10 Great Reinterpretations of Radiohead Songs


Yesterday the good folks over at Stereogum posted their 20 favorite covers performed by Radiohead. It’s a fine compilation, and well worth downloading – among other things, it reveals that the ‘Head love Neil Young, as there are five different Young songs included, along with covers of songs by Can, Björk, Magazine, Portishead, and various others (including Glen Campbell’s “Rhinestone Cowboy,” curiously). Anyway, it got us thinking about the natural corollary to this – covers and reinterpretations of Radiohead songs performed by other people. Here are ten of our favorites from over the years (note: this list does not include Amanda Palmer and her ukulele).

Doveman – “Airbag”

Stereogum’s love for Radiohead is well-documented – back in 2007, they also released OK X, a tenth-anniversary recreation of OK Computer with each song on the album performed by a different admirer. As you might expect, it’s a mixed bag, but there are a couple of quality interpretations included – Vampire Weekend’s “Exit Music (For a Film)” and David Bazan’s “Let Down” seemed to win most of the critical plaudits, but we’re quite partial to the very first track, Doveman’s understated interpretation of “Airbag.”

Sia – “Paranoid Android”

She’s probably best known these days for the primary color pop of We Are Born , but we’ve always thought Sia’s at her best when she’s at her quietest and most introspective, and both of those words can certainly be used to describe her version of “Paranoid Android,” which featured on a 2006 compilation called Exit Music: Songs with Radio Heads. You could argue that you can’t win when covering a song this iconic, but Sia’s interpretation is both individual enough to save it from being simple pastiche and faithful enough to do justice to a classic.

RJD2 – “Airbag”

From the same album of Radiohead covers comes this reworking of “Airbag,” a song that seems to lend itself well to reinterpretation. RJD2’s version strips out the vocals entirely, making for an abstract instrumental that’s built around a skittering beat and a gloriously grinding synth sound – and still manages to retain the original’s air of futuristic unease.

Flying Lotus – “Idioteque”

This is more an on-the-fly remix than it is a cover, but we had to include it, mainly because of how much FlyLo clearly adores the song he’s deconstructing. He reimagined “Idioteque” as a euphoric club banger and used it to close a DJ set last year – oh, to have been there.

Four Tet – “Skttrbrn”

A radically reworked version of Hail to the Thief album track “Scatterbrain,” this featured on the Japan-only EP COM LAG. The original is a highlight of perhaps Radiohead’s least well-received record, but the remix is even better – while the album version is a gentle ballad backed by a melodic guitar line, Four Tet’s reinterpretation extracts Yorke’s vocals and sets them over a shifting, constantly evolving beat that seems to echo the lyrics: “I’m walking out in a force ten gale/ Birds thrown around, bullets for hail.” A fine example of improving on a song by bringing a completely fresh perspective to it.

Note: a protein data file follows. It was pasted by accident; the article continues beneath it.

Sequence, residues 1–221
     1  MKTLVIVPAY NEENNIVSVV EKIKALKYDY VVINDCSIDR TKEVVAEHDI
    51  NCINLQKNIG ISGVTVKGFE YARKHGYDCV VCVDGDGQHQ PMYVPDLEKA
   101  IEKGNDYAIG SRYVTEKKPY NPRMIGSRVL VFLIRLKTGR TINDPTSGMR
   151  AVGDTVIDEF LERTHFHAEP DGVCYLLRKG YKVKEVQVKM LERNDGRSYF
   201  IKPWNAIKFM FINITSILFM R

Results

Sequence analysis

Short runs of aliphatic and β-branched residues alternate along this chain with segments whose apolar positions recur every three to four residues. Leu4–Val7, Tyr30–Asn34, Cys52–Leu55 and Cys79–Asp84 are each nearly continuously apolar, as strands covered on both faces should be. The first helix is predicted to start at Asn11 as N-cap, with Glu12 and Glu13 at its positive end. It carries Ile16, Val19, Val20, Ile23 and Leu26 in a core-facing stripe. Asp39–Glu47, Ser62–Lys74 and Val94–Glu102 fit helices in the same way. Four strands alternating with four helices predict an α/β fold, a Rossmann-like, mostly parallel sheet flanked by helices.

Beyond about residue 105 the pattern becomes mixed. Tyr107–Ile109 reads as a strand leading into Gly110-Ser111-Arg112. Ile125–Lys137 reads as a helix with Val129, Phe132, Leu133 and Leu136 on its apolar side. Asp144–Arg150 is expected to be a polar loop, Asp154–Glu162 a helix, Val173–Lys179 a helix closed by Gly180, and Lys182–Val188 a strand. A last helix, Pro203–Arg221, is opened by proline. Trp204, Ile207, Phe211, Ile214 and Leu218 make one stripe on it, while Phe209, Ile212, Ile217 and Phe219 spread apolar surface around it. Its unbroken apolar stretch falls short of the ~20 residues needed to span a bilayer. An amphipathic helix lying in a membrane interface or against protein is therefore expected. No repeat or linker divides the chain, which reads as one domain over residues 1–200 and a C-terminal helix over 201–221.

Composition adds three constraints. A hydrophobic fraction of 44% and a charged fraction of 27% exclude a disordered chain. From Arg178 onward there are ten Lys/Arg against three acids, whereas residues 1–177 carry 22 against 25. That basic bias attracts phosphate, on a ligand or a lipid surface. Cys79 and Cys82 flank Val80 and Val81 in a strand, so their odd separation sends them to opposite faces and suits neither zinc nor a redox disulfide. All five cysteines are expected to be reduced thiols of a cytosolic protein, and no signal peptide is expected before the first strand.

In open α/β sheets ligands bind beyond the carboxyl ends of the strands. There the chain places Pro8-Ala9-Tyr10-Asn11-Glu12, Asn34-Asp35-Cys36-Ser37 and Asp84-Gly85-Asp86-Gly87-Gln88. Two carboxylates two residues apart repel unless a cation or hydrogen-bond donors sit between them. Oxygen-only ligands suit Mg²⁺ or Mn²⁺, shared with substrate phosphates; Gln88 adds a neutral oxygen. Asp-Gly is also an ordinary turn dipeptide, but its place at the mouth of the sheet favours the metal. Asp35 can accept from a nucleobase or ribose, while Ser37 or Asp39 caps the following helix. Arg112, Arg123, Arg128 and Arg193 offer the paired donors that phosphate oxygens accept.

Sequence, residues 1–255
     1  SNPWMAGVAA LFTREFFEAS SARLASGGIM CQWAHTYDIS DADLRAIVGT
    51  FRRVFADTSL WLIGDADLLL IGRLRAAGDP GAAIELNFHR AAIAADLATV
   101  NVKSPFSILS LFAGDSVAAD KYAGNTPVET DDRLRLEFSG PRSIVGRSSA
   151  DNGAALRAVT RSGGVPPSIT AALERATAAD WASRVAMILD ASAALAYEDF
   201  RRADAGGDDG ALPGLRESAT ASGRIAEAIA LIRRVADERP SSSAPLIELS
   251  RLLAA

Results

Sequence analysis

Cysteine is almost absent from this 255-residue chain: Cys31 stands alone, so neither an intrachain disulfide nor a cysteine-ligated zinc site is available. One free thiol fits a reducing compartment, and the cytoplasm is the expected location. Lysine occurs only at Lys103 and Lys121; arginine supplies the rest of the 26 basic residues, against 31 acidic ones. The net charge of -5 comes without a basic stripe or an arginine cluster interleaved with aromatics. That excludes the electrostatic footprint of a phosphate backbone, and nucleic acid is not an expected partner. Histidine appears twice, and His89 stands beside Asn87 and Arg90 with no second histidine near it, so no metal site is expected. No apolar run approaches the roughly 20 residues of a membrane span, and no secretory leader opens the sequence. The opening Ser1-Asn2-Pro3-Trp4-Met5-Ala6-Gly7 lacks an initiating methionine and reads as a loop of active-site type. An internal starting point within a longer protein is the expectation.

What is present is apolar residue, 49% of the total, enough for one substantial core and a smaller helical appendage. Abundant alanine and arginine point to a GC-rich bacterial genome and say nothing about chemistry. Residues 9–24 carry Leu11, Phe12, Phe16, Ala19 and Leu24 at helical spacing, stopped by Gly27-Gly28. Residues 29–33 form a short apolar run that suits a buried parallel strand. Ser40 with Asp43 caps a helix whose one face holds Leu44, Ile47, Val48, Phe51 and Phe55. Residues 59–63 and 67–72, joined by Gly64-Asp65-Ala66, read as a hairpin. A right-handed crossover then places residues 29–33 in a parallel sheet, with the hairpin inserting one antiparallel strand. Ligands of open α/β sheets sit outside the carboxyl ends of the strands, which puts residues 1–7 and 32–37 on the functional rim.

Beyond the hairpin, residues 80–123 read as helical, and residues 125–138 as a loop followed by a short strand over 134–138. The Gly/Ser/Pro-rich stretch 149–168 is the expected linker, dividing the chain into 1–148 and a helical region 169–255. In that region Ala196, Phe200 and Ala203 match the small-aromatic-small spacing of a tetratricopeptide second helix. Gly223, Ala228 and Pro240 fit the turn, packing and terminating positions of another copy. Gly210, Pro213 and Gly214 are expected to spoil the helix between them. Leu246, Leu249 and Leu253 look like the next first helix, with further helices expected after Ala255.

Gillian Welch – “Black Star”

The weary melancholy of this Bends-era portrayal of a dysfunctional relationship makes it a perfect fit for Welch, whose mournful vocal and simple acoustic arrangement make this interpretation sound like a country/bluegrass standard.

Toots and the Maytals – “Let Down”

We’re generally suspicious of novelty cross-genre covers (cf. Dub Side of the Moon, etc), but the ever-wonderful Toots Hibbert and his band manage to make this horn-driven cover of OK Computer‘s ode to party alienation into a triumphant and ultimately optimistic reggae tune. This is often the hallmark of great covers – there’s no way they should work, but somehow they do.

Brad Mehldau – “Knives Out”

Similarly, we approach jazz interpretations of rock songs with caution, and usually with good reason. Still, given how closely latter-period Radiohead’s sound flirts with free jazz influences, it’s perhaps less surprising that a jazz interpretation of this track of Amnesiac works so well.

Gnarls Barkley – “Reckoner”

Cee-Lo Green and Danger Mouse seemed able to do no wrong for a couple of years in the mid-’00s – this cover of In Rainbows‘ “Reckoner” cropped up periodically in their live sets circa The Odd Couple , and makes for a prime showcase for Green’s vocal talents. (We also agree wholeheartedly with the YouTube commenter who thinks Radiohead should do a version of “Fuck You.”)

Hanson – “Optimistic”

Shit, this is actually good. Who’d have thought it?